Thankfully, breastfeeding usually gets a lot easier. My son and I got into a good rhythm around 3 months, and it has definitely become something special. He's at the age now that he's eating a lot and drinks cows milk like a champ, so nutritionally he doesn't need to nurse, but he'll continue for a little while longer for the nutrition and the comfort. As little ones start to get older, they go through all kinds of changes. They are growing by leaps and bounds every day. Their brains are taking in information constantly, and they are learning how the world works. They go through times of pain while they are teething. They go through growth spurts and become bottomless pits. They become overwhelmed and overstimulated by new situations. They become lonely when mama has had a busy day. It's really nice to have a constant resource in breastfeeding. I'm glad that while he's going through all these changes, I have a way to make him feel better.
Do you know the last thing I need to worry about when my child is overtired and throwing a tantrum at the mall? Whether or not you're going to be offended because I didn't take 30 precious seconds to fish around for my nursing cover before soothing him. Please don't make me feel like I need to haul my screaming 30 pound 16 month old through the mall to find a dressing room to nurse him. I've done that, and it was so stressful. People were looking at me like a mother who couldn't control hr son, my son was flying off the handle because he doesn't understand why mommy isn't giving him the thing he wants, and once I finally settled him down, I was shaking from the anxiety of it all. Yes, in hindsight, I should have just fed him and not lot anyone else's opinion affect what I do, but I was an insecure young mother and I was trying to not stir the pot. I didn't want to take a stand or test the limits of propriety or make a point about how things should be. I just wanted to feed my baby, and I didn't feel free to do that.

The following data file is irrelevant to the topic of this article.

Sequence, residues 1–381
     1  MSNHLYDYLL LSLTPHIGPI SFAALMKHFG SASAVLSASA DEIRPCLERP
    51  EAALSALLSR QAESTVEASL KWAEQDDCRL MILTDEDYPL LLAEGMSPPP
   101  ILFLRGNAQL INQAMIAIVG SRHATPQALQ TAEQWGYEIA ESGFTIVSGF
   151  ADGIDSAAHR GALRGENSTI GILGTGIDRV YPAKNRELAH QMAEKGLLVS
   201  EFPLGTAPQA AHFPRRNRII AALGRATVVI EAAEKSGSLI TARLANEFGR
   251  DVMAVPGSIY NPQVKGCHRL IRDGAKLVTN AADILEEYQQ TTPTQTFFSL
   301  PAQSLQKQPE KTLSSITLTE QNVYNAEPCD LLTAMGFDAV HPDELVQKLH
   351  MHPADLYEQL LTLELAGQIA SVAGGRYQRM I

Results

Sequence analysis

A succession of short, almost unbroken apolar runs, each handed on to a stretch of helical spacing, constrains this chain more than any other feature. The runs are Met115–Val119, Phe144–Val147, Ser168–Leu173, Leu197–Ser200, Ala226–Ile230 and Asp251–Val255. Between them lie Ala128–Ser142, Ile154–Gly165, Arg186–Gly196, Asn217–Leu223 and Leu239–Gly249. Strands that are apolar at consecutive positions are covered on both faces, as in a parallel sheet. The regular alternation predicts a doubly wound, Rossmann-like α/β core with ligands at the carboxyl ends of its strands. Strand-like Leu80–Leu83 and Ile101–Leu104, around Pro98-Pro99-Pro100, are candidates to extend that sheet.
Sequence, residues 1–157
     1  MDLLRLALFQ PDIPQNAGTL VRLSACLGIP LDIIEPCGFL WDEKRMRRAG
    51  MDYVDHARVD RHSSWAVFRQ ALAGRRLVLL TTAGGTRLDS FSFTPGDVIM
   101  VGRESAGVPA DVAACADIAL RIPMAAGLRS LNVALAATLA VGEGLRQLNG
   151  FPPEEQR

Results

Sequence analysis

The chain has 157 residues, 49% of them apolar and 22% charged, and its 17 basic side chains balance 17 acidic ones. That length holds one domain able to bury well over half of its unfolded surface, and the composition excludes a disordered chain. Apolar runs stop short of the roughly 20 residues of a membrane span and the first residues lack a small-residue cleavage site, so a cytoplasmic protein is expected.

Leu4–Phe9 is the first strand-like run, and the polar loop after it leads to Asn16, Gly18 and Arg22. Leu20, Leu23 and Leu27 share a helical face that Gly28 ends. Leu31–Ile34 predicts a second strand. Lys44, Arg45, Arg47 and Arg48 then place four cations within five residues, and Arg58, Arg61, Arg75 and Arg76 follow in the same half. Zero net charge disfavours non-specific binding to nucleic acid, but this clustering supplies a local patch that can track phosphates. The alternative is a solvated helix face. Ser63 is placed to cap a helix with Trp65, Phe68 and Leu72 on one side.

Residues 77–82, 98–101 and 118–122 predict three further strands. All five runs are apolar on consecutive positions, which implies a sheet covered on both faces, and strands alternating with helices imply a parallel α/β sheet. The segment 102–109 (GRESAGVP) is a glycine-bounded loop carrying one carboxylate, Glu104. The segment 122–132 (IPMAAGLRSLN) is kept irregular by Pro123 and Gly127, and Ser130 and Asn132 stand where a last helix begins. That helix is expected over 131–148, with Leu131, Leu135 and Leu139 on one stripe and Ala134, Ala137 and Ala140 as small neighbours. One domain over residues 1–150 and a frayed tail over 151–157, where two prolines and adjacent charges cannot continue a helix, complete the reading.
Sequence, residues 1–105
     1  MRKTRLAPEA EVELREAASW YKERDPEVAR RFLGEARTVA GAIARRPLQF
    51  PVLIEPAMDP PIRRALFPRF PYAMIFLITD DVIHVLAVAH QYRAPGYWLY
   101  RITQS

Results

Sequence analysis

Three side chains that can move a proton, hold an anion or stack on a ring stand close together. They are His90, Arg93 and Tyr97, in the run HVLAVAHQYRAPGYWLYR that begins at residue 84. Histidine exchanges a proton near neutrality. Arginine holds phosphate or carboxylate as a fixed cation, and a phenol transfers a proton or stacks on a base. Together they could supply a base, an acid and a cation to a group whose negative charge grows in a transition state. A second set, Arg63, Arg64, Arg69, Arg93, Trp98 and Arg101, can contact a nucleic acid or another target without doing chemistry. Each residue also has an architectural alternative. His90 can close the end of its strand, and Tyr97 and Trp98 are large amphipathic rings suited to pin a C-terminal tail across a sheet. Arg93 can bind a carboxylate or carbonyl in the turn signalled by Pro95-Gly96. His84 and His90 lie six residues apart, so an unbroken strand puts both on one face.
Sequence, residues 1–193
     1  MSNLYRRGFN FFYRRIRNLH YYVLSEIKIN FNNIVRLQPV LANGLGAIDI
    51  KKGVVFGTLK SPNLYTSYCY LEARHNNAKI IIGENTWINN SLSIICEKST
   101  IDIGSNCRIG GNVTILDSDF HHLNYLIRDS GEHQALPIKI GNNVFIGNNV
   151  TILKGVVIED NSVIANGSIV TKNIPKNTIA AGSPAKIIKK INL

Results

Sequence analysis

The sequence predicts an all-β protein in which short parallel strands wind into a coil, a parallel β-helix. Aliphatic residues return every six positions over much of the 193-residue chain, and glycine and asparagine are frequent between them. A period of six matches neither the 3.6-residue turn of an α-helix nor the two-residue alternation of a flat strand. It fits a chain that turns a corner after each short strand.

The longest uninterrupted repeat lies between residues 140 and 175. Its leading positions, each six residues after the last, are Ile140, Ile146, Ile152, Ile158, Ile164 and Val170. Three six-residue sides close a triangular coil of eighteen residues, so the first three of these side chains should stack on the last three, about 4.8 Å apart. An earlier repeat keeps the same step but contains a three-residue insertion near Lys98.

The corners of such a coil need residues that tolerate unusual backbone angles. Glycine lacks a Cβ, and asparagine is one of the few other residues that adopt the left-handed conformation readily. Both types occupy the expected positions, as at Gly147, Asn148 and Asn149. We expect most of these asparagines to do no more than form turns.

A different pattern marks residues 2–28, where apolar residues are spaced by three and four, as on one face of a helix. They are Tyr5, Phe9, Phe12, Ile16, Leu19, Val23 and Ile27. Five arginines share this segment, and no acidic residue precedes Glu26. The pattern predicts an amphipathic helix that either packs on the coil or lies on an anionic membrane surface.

There are a lot of things on a mama's mind. Try as she may, she has to quiet worries all day long. Please don't be one of the worries. Whether you think moms should use covers in public or remove themselves entirely, or if you are totally fine with her letting "the girls" hang free, please support her desire to put her baby first. I, personally, am more comfortable wearing a nursing cover, but it doesn't always work out. Let's encourage a conversation that makes women feel empowered in this regard, instead of embarrassed. Let's remember that motherhood is a difficult transition, whether you have one child or twenty children, and judgement from others doesn't make the transition easier.
Breastfeeding doesn't have to be a big deal. Whenever we try new things, whether it's learning to walk or our first day of school or learning to drive or having a baby, there's going to be some trepidation. New things are scary, but new things can also be beautiful. Let's give moms a beautiful place to learn this new skill, encouraging a whole generation take pride in their ability to care for their children.